Although mpMRI can detect aggressive PCa with excellent sensitivity, a definitive conclusion on its role as a triage test before prostate biopsy will be possible only when three main issues are addressed. Firstly, because NPV depends on prevalence, and because overall PCa and csPCa prevalence was highly variable in the published series, it becomes mandatory to define the optimal way to pre-evaluate the risk of csPCa in patients with a suspicion of PCa. Depending on the risk category, mpMRI could then be used to obviate biopsies or not. Secondly, there is a need for consensus definitions of csPCa on biopsy findings to allow interstudy comparisons. Thirdly, although efforts have been made to standardise mpMRI technical protocols and interpretation in the past few years [11 60 76] , there is still a crucial need to improve mpMRI specificity and inter-reader reproducibility.

This systematic review was performed under the auspices of:

  • -

    The European Association of Urology Guidelines Office Board

  • -

    The European Association of Urology Prostate Cancer Guideline Panel

 

Author contributions: Olivier Rouvière had full access to all the data in the study and takes responsibility for the integrity of the data and the accuracy of the data analysis.

Study concept and design: Rouvière, Mottet, Cornford.

Acquisition of data: Rouvière, Moldovan, Van den Broeck, Yuan.

Analysis and interpretation of data: Rouvière, Moldovan, Van den Broeck, Lam.

Drafting of the manuscript: Rouvière, Moldovan, Van den Broeck, Lam.

Critical revision of the manuscript for important intellectual content: Bellmunt, van den Bergh, Bolla, Briers, Van den Broeck, Cornford, Cumberbatch, De Santis, Fossati, Gross, Henry, Joniau, Lam, Matveev, Moldovan, van der Poel, van der Kwast, Rouvière, Schoots, Wiegel, Mottet.

Statistical analysis: None.

Obtaining funding: None.

Administrative, technical, or material support: Yuan, Sylvester, Marconi.

Supervision: None.

Other: None.

Financial disclosures: Olivier Rouvière certifies that all conflicts of interest, including specific financial interests and relationships and affiliations relevant to the subject matter or materials discussed in the manuscript (eg, employment/affiliation, grants or funding, consultancies, honoraria, stock ownership or options, expert testimony, royalties, or patents filed, received, or pending), are the following: Bellmunt is a company consultant for Janssen, Astellas, Pierre Fabre, Genentech, Merck, Ipsen, Pfizer, Novartis, and Sanofi Aventis. He has received research support from Takeda, Novartis, and Sanofi, and received travel grants from Pfizer and Pierre Fabre. Bolla has received company speaker honoraria from Ipsen and Astellas, honoraria or consultation fees from Janssen, and fellowship and travel grants from Janssen, AstraZeneca, and Astellas. Briers has received grant and research support from Ipsen, European Association of Urology, and Bayer; is an ex officio board member for Europa UOMO; is an ethics committee and advisory group member for REQUITE; is a member patient advisory board member for PAGMI; and is a member of SCA and EMA PCWP. Cornford is a company consultant for Astellas, Ipsen, and Ferring. He receives company speaker honoraria from Astellas, Janssen, Ipsen, and Pfizer; participates in trials from Ferring; and receives fellowships and travel grants from Astellas and Janssen. De Santis is a company consultant for GlaxoSmithKline, Janssen, Bayer, Novartis, Pierre Fabre, Astellas, Amgen, Eisai Inc., ESSA, Merck, and Synthon; has received company speaker honoraria from Pfizer, Takeda, Sanofi Aventis, Shionogi, Celgene, and Teva OncoGenex; has participated in trials for Pierre Fabre, Astellas, Exelixis, Bayer, and Roche; has received fellowship and travel grants from Bayer, Novartis, Ferring, Astellas, Sanofi Aventis, and Janssen; has received grant and research support from Pierre Fabre; has received honoraria from AstraZeneca; and is associated with Amgen. Joniau is a company consultant for Astellas, Ipsen, Bayer, Sanofi, and Janssen; has received company speaker honoraria from Astellas, Amgen, Bayer, Sanofi, Janssen, and Ipsen; has participated in trials for Astellas, Janssen, and Bayer; has received fellowship and travel grants from Astellas, Amgen, Bayer, Sanofi, Janssen, Ipsen, and Pfizer; and has received grant and research support from Astellas, Bayer, and Janssen. Matveev has received company speaker honoraria from Sanofi and Astellas, has participated in trials for Astellas, Pfizer and Novartis. Lam is a company consultant for and has received company speaker honoraria from Pfizer, GSK, Astellas, and Ipsen. van der Poel is a company consultant for Intuitive Surgical, has participated in trials for Astellas and Steba Biotech, and has received grant and research support from Astellas. Rouvière is a company consultant for EDAP-TMS, Bracco, and Philips; has received company speaker honoraria from EDAP-TMS, Bracco, and Philips; and has participated in trials for EDAP-TMS and Bracco. Wiegel has received company speaker honoraria from Astellas, Takeda, Hexal, Ipsen, Janssen-Cilac, and Ferring. Mottet has received grant and research support from Takeda Pharmaceutical, Millenium, Astellas, Pierre Fabre, Sanofi, and Pasteur, and has received honoraria or consultation fees from Takeda Pharaceutical, Millenium, Jansen, Astellas, BMS, Bayer, Ipsen, Ferring, Novartis, Nuclétron, Pierre Fabre, Sanofi, and Zeneca. van den Bergh, Van den Broeck, Cumberbatch, Fossati, Gross, Henry, van der Kwast, Sylvester, Yuan, Schoots, Moldovan, and Marconi have nothing to disclose.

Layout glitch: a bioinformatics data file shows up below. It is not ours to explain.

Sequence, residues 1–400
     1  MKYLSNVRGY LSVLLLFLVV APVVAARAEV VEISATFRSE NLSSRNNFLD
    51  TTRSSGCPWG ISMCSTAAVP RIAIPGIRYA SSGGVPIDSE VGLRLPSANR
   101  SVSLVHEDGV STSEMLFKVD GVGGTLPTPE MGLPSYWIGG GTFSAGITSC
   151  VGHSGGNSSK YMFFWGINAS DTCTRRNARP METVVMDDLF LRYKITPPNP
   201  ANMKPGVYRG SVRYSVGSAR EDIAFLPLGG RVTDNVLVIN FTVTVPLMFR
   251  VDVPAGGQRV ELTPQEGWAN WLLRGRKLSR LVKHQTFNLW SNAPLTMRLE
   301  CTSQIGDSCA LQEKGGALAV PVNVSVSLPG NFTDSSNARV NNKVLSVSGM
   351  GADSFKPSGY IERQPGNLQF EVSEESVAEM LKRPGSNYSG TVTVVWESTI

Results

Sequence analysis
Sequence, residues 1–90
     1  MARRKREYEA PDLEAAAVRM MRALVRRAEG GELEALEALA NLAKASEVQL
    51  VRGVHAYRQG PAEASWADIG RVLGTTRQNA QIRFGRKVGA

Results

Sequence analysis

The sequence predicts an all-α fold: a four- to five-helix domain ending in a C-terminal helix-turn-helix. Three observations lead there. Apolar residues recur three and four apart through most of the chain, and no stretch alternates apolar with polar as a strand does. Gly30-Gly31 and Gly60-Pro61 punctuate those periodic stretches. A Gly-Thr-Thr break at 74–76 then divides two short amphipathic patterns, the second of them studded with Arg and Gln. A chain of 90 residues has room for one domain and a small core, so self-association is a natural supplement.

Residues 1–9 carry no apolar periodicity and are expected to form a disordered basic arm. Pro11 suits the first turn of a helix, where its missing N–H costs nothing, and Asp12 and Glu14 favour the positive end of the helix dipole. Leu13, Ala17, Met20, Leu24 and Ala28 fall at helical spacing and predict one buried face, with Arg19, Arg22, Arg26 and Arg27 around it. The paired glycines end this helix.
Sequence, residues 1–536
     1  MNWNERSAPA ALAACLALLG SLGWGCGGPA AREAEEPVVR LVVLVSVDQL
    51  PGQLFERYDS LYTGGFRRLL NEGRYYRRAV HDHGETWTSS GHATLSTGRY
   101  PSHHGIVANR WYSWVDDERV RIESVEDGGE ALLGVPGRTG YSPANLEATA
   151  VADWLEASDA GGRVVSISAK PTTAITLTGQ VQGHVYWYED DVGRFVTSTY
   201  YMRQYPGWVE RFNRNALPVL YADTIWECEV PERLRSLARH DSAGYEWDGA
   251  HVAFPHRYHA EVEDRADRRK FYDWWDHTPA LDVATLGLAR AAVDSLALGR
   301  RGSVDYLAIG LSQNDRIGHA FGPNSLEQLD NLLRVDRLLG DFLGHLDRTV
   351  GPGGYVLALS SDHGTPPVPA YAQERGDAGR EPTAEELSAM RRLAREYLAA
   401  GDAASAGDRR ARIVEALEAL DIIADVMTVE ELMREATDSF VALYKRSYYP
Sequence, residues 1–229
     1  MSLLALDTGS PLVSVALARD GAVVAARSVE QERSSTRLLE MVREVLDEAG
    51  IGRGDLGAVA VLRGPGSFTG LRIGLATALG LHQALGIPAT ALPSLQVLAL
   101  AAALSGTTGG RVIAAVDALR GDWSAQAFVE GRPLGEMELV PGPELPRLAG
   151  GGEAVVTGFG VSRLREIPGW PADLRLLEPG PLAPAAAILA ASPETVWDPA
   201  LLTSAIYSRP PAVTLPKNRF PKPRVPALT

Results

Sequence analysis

Funding/Support and role of the sponsor: None.

Appendix A Supplementary data

Attached file

Joint first co-authors.